Tag Archives: MC1968

JNEWS: DeLuca, Richard [MC1968] “Connecticut in Motion” 4/25/19



The Friends of Fort Trumbull announce their April Speaker

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The Friends of Fort Trumbull State Park are proud to announce their 2019 season will be America on the Move. The Friends are going to travel back in time to explore the history of Transportation, examining a system involving roads, rivers, and railroads which helped to form a national economy. This is a very relevant topic during 2019 as Connecticut debates tolls, the need to update infrastructure such as roads and bridges, and public transportation vs. an emphasis on cars.

Our first speaker, on Thursday, April 25, 2019, will be Richard DeLuca, the author of Post Roads and Iron Horses. Mr. DeLuca’s presentation is entitled “Connecticut in Motion”. He will explore how 400 years of Transportation Technology and Policy have shaped our state. The talk will provide an overview of transportation developments from the turnpike movement of the 1800s through the Farmington Canal, steamboats, steam railroads, electric trolleys and the bicycle in the nineteenth century. In the twentieth century he will mention the automobile and the airplane.

Mr. Deluca earned a Bachelor of Civil Engineering degree from Manhattan College in New York, and a Master of Science degree in transportation planning from the University of Connecticut at Storrs. He has over ten years of experience in the field of engineering as a transportation planner with the Connecticut Department of Transportation and with the Central Connecticut Regional Planning Agency.

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DeLuca, Richard [MC????]

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Dear John,

               I believe that Richard is a member of the Class of


McEneney, Mike (MC1953)

[JR: Thanks, Mike. Much appreciated.]

DeLuca, Richard [MC1968]

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JOBIT: Mickell, John Joseph [MC1968 RIP] 2018-Dec-18 by Trynosky, Stephen [MC1968]



I suspect you engineers never ran into John at Manhattan but he also went to Good Shepherd, in your class.  I have to tell you he was quite a guy. Weird in some ways but an honest to God human being who made things better for us all in the long run. A sad addition to the class of ’68 loss column.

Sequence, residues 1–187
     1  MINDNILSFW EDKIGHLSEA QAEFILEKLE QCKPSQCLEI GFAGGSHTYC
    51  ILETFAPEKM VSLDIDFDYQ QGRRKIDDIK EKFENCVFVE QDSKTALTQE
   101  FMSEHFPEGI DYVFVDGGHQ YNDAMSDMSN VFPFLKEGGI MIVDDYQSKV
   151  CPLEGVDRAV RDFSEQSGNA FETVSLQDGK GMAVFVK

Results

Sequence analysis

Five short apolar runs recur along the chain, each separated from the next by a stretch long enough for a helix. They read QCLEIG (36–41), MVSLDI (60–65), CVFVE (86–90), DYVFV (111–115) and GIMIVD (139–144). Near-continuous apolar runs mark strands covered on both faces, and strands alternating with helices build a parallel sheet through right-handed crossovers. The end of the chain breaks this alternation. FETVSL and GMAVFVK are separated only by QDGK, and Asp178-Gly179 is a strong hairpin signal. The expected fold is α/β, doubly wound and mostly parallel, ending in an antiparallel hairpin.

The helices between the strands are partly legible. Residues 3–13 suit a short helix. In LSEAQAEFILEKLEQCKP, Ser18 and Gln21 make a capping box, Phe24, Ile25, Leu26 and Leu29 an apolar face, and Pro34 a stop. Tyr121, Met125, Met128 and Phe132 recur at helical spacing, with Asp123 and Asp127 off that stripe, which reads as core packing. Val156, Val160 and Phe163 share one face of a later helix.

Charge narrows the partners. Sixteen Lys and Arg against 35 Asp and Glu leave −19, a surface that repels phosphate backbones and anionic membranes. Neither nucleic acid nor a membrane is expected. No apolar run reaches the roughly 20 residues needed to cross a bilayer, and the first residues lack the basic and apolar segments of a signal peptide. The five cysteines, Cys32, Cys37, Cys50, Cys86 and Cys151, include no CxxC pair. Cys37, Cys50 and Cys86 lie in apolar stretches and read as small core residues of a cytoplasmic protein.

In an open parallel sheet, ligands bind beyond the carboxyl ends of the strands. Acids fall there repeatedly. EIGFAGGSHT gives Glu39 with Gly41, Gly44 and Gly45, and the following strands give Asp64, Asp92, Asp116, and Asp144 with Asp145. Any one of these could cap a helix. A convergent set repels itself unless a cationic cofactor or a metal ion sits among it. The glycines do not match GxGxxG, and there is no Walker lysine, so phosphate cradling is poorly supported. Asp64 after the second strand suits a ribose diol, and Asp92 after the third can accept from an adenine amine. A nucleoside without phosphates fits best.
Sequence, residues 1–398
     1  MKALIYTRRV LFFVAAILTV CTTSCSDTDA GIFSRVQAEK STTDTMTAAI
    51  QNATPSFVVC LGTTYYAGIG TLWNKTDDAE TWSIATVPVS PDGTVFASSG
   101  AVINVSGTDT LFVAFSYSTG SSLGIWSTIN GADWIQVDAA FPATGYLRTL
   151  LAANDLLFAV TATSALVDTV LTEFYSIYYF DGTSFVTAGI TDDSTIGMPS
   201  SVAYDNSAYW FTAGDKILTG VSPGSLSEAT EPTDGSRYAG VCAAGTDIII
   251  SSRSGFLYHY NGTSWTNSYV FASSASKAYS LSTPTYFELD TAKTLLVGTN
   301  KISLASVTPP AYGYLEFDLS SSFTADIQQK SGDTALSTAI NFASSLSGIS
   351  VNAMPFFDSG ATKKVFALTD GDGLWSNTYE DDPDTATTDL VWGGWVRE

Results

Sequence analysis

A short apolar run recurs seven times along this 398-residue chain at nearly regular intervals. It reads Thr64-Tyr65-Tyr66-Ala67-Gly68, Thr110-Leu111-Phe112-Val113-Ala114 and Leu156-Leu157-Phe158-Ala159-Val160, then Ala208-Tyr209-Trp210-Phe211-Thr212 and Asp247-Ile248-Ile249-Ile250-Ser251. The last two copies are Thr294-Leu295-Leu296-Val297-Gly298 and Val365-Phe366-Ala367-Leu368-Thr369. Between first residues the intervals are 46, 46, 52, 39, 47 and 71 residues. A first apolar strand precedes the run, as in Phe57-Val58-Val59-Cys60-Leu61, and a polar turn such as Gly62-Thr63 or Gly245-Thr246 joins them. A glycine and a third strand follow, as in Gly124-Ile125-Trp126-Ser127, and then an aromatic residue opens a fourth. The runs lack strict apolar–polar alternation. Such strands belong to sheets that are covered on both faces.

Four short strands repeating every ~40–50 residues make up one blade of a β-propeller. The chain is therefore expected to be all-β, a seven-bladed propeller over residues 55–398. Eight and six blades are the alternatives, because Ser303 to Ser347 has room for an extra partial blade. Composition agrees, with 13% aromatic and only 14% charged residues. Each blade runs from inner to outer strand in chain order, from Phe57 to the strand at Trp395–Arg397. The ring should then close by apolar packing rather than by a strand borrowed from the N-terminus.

Trynosky, Stephen [MC1968]

[JR: Thanks, Steve. Much appreciated. I don’t remember him at GSS or MC, but then I am really terrible remember things. I appreciate you sharing this.]

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MICKELL, John Joseph, M.D., 72, passed away December 18, 2018. He was preceded in death by his wife, Hanne Aarslev Mickell (Hemmingsen); his mother, Alice Mickell (Mauzerall); and his father, Michael Joseph Mickell. He is survived by daughters, Pamela Aarslev Mickell and her husband, Niels Petersen and Valerie Aarslev Mickell and her husband, Jeremy Renfro; and grandsons, Max Grill Mickell Petersen and Zack Grill Mickell Petersen. John was the founder of the Pediatric Intensive Care Unit at VCUHS. The family will receive friends 2 to 4 and 6 to 8 p.m., Friday, December 28, at Bliley’s-Central, 3801 Augusta Ave. Funeral services will be held at 11 a.m., Saturday, December 29, at Cathedral of the Sacred Heart, 800 S. Cathedral Place, Richmond, Va. 23220. Interment to follow in Hollywood Cemetery.


Mickell, John Joseph [MC1968 RIP]

Guestbook: Same link 

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JEMAIL: Dorritie, Frank [MC1968] remembers Peter Fazio attendee


Sent: Tuesday, January 15, 2019 4:03 PM
Subject: a lost Jasper 

Hello, Ferdinand.

To the chase:

The list of credibly accused clergy released this AM put me in mind of the sad story of  the late Peter Fazio, and I began to search for recent postings about him. I came across a mention in your Jasper Jottings (2010) wherein you speculate as to whether he had a MC connection.

The answer is yes. He attended from ’64 to ’66, was a member of APO, and one of the most brilliant people I ever met. He was also very eccentric, in a “Robin Williams” sort of way, and his Manhattan friends were disappointed that he did not return after Sophomore year. He had mentioned a desire to hop a freight with his guitar and see the world. We thought perhaps he had.

A few of us looked for him throughout the years, to no avail since he was definitely off the radar. Eventually I discovered why. The article you found explains some of it. A few years back, I found the rest, which involved a priest abusing him at Bergen Catholic, before any of us knew him.

Pete Fazio was a real guy, a sort of “Bob Dylan-meets-Steven Hawking”. He was my friend, and he was a Jasper.I just thought you might like to know.

Frank Dorritie ’68

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Dorritie, Frank [MC1968]

[JR: Thanks for completing the story.  It still makes me sad to read how badly he was treated.]